Des Moines Water Works Moving On From Lawsuit But Still Focused On Cleaning Up Iowa Water

DES MOINES, Iowa  --  Des Moines Water Works CEO Bill Stowe says he and the Water Works are moving past their failed lawsuit and looking to new ways to clean up Iowa waterways and deliver clean drinking water to customers.

Last month a federal judge dismissed a lawsuit Water Works had failed against Buena Vista, Calhoun and Sac Counties.  The utility claimed water districts in those three counties were allowing excess nitrates to enter the Raccoon River in violation of federal law.  Water customers in Des Moines and surrounding cities were then forced to pay higher rates to clean those nitrates out of the water.

Stowe says Water Works will not appeal the judge's ruling in the case.  Instead they will go to a "Plan B" that includes millions of dollars in upgrades to the denitrification facility needed to keep up with the increasing amounts of nitrates in the water flowing in to Water Works.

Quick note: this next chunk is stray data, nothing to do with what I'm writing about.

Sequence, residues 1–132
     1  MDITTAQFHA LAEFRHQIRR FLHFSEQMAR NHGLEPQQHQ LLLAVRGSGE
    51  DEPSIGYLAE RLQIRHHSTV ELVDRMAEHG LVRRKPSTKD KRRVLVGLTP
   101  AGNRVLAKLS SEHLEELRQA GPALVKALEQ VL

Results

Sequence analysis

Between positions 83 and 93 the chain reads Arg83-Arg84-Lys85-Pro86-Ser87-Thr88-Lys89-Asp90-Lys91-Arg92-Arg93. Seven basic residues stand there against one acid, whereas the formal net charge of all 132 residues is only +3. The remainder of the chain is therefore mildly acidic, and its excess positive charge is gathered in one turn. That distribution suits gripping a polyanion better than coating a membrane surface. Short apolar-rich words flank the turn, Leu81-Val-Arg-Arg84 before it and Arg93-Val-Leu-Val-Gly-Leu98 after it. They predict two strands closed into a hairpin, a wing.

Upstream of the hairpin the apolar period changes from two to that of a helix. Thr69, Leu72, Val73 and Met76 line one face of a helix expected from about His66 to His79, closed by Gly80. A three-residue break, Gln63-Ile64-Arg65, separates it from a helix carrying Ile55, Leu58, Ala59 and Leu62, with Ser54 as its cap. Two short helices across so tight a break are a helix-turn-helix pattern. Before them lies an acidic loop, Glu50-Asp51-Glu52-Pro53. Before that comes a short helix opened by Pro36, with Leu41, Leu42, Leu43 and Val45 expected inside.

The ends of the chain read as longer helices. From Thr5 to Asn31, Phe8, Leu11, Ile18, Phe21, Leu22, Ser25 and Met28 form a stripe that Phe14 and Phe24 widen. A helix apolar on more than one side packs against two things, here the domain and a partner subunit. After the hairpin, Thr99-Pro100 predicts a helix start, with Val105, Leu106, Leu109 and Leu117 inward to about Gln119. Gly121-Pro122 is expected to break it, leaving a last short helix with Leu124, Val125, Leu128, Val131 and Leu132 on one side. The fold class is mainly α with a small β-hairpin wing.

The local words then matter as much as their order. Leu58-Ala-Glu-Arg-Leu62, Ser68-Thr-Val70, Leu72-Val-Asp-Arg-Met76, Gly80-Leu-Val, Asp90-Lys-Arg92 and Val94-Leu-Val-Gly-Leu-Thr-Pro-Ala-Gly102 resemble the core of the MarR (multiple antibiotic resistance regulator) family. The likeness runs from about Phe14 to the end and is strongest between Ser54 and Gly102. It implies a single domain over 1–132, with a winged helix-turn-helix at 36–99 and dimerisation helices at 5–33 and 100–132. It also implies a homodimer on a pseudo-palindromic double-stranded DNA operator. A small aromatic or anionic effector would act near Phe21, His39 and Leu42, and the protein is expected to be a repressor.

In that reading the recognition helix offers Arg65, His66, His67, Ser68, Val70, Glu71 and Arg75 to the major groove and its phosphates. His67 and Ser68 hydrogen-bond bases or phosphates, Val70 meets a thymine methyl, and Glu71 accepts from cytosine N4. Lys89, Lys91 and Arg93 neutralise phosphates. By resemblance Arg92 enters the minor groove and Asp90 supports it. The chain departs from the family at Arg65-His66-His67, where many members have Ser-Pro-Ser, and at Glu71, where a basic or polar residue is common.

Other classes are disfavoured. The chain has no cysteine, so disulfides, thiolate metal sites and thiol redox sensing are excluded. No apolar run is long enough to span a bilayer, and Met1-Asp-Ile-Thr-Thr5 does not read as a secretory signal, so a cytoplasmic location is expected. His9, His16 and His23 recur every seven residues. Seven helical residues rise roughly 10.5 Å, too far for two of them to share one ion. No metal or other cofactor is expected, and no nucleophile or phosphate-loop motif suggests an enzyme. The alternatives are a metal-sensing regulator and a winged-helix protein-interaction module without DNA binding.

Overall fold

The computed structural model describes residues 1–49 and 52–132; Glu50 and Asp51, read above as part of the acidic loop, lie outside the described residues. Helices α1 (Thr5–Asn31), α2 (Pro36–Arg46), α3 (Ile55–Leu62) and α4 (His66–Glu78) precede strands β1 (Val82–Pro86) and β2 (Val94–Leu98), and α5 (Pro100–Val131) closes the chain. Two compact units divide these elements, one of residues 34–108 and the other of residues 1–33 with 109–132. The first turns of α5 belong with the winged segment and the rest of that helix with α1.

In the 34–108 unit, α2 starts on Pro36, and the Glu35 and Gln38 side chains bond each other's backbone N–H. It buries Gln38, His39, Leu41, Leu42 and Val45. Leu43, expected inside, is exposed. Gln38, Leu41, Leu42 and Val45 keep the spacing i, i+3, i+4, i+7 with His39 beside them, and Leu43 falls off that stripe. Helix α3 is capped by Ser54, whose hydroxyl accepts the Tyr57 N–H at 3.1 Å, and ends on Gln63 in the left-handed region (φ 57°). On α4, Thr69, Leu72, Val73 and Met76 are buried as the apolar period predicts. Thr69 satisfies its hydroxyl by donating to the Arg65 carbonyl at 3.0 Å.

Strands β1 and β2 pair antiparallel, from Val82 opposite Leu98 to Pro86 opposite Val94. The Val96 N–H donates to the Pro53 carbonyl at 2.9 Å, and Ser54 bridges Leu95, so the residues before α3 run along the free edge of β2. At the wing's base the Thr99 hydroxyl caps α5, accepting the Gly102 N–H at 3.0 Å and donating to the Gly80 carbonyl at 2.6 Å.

Republican lawmakers at the statehouse appear to be dropping their plans to pass a bill that would force a reorganization of Water Works' executive board.  The bill would've guaranteed that suburbs who buy water from Water Works would have a seat on the board.  Stowe says the bill was a Republican "revenge" tactic for his lawsuit.

Stowe says he will continue lobbying legislators to take up measures to clean up Iowa waterways.  However he says the current leadership at the statehouse is more concerned with not crossing agricultural groups than they are in clean water.

Stowe says he will leave it up to voters to decide whether or not their legislators are doing enough to clean up Iowa waterways.